These digital marketing and digital engagement KPIs have been well known to media owners for some time, but with the accelerated adoption of virtual technologies, and more importantly, the value sponsors and exhibitors have placed upon them, savvy media owners are now seriously considering how to deliver content and audience engagement all year round and not just in the days and weeks before and after the physical event.
At last year’s Association of Exhibition Organisers (AEO) conference, there was much discussion around the statistic that in the future, nearly a quarter of large event revenues will be delivered by digital engagement.
As with many digital revenue opportunities, data is at the heart of this trend, and using this engagement data, combined with strong content programmes and a series of activities over a twelve month period will become a more established feature of media events in 2023.
Data: first party data and the importance of the CDP
First party data is another subject which has been well covered in this publication (see my article on the March/April 2022 issue). It will continue to be key to media owners’ digital focus in 2023 but as with trends that take longer to emerge and evolve, the focus will shift in 2023 to contextual segmentation and using zero party (data willingly given by users such as demographics when registering), first party (data collected by the media owner through interactions with content and services) and, increasingly, second party data (data provided by commercial partners to enrich existing profiles such as key accounts) to fine tune revenue models and boost yields.
In the adtech world, third party data profiles were typically stored on a data management platform or DMP. But many media owners are now investing in Customer Data platforms or CDPs.
Both platforms handle first-party data, second-party data and third-party data. Both CDPs and DMPs collect the same types of data, but what they target differs. DMPs primarily pursue third-party data (cookies and segmented customer IDs) and then store that data for a short time. CDPs focus on structured, semi-structured, and unstructured first-party data.
A CDP stores this data over long periods of time so that in-depth, accurate customer profiles can be built and customer relationships nurtured. And, as a CDP can share and draw data with any system, it is becoming a critical link between first party user segments and advertising platforms such as Google Ad Manager (GAM), which can utilise these first party profiles to target adverting more effectively using either behaviour, demographics, or a mixture of both. CDPs also make data available for other key strategic functions such as revenue development, content optimisation and business intelligence modelling.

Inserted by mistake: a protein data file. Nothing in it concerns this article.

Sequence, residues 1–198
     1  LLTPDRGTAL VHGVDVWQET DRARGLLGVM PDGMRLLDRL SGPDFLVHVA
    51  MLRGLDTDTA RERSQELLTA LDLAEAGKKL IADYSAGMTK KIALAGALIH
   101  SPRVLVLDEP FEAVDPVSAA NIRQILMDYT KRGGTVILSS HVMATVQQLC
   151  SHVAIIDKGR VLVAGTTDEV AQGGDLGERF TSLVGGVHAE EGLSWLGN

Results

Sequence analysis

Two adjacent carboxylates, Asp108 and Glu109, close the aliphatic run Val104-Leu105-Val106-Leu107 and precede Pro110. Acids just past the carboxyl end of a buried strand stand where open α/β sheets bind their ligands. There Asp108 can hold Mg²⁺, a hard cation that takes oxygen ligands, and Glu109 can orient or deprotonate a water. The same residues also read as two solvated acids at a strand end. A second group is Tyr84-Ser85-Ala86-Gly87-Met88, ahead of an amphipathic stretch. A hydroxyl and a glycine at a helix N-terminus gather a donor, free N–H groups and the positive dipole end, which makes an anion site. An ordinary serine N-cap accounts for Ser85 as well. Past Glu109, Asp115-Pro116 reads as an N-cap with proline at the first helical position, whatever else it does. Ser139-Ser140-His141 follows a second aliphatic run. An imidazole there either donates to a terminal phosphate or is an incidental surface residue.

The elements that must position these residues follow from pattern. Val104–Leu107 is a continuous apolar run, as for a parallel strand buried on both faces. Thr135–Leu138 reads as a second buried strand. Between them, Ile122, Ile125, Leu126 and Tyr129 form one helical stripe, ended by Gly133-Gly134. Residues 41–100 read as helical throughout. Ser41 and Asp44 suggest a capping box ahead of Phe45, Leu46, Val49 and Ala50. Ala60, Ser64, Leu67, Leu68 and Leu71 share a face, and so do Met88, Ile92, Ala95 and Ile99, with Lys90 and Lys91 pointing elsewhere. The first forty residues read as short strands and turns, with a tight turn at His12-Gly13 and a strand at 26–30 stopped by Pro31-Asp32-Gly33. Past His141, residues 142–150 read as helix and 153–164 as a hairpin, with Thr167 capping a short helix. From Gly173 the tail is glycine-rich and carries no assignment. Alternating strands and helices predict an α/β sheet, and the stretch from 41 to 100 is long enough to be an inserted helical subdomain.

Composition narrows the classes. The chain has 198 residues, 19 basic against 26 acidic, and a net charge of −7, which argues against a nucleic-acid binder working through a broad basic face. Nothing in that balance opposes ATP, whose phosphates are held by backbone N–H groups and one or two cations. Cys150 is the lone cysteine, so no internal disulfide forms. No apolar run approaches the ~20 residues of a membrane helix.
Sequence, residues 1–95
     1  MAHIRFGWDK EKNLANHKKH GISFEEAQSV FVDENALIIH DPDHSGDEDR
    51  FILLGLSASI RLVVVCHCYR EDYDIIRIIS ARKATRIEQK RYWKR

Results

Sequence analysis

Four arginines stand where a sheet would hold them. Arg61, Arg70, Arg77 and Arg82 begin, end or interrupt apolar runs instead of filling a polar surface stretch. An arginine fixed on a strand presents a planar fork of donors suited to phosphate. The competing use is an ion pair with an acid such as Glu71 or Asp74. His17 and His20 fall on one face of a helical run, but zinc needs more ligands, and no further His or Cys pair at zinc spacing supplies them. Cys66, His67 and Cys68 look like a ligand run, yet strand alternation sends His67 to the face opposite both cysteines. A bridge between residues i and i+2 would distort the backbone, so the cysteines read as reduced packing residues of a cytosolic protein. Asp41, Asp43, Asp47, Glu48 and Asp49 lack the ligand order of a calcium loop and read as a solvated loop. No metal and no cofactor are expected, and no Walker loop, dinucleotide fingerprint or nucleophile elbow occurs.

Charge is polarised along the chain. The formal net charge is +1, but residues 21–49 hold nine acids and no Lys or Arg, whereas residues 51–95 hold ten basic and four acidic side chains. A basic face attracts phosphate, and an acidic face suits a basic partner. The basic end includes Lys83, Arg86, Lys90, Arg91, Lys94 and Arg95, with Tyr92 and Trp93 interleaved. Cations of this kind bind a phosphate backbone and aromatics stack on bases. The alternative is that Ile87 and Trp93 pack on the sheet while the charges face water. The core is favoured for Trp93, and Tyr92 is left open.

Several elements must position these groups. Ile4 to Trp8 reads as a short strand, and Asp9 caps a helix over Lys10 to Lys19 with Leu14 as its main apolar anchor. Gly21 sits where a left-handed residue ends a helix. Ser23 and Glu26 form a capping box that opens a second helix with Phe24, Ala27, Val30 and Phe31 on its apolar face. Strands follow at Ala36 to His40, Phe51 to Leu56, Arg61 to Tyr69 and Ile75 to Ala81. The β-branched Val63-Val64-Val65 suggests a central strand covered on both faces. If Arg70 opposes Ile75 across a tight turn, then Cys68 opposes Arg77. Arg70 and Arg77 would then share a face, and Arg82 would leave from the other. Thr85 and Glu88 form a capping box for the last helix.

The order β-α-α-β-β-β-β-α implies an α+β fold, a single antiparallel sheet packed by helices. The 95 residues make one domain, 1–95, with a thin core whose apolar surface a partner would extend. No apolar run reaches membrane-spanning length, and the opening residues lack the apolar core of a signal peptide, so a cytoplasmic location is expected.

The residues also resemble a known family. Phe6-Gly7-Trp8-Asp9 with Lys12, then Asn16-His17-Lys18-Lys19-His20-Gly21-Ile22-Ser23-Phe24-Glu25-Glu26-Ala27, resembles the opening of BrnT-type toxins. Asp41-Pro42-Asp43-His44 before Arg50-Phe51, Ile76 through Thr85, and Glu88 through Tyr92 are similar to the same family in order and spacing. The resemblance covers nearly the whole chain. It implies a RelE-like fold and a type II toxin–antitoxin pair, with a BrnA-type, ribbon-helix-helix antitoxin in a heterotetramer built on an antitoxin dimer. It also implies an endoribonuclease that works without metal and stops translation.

The next year will see more investment in CDPs by media owners. Most have invested in other key pieces such as CRM, paywall technologies and experience management platforms, but the CDP completes the stack and in effect joins up the dots by creating a persistent, unified customer database, which provides media owners with the actionable data required for on demand and real time use.
Commercial: digital advertising will become more attention driven in 2023
It has been common knowledge for some years that the CPM model is flawed, not least because it has driven down price, but also because it focuses on volume, rather than the quality of interaction and the correct targeting of the desired user target.
Attention has for some time been of interest to media owners looking to drive up yields and results for commercial partners. Attention can be confused with engagement. Whilst engagement is an important metric, as it is a critical first step in the conversion process, it focuses much more on the end user and interaction with the site and its content, rather than on attention given to advertising or other revenue generating products such as native content.
Despite this acknowledgement, impressions and viewability are still the key metrics used by most advertisers. Many of the measurements currently used are clearly not sophisticated enough, for instance an ad-placement viewability threshold of just one second and 50% in view. Recent research from Integral, Cadreon and IPG Media Lab re-enforces this view, illustrating that simply being in view does not impact ad recall.
It has been acknowledged for some time that the longer the time in view, the higher the recall. Research commissioned as long ago as 2017 by the FT in conjunction with Millward Brown showed that adverts in view for five seconds or longer had 79% better ad recall, 55% better brand familiarity and 58% more brand consideration. It was this data that helped develop its successful Cost per Hour (CPH) model, which has also been successfully adopted by a handful of other media owners since.
So, why is attention still not mainstream? The answer is simply because there were too few tools available to help measure and demonstrate it, but there is now a plethora of them mostly using AI. There is also talk of an industry standard being formalised in 2023, so it looks likely that 2023 will be the breakthrough year for attention.
This article was first published in InPublishing magazine. If you would like to be added to the free mailing list to receive the magazine, please register here.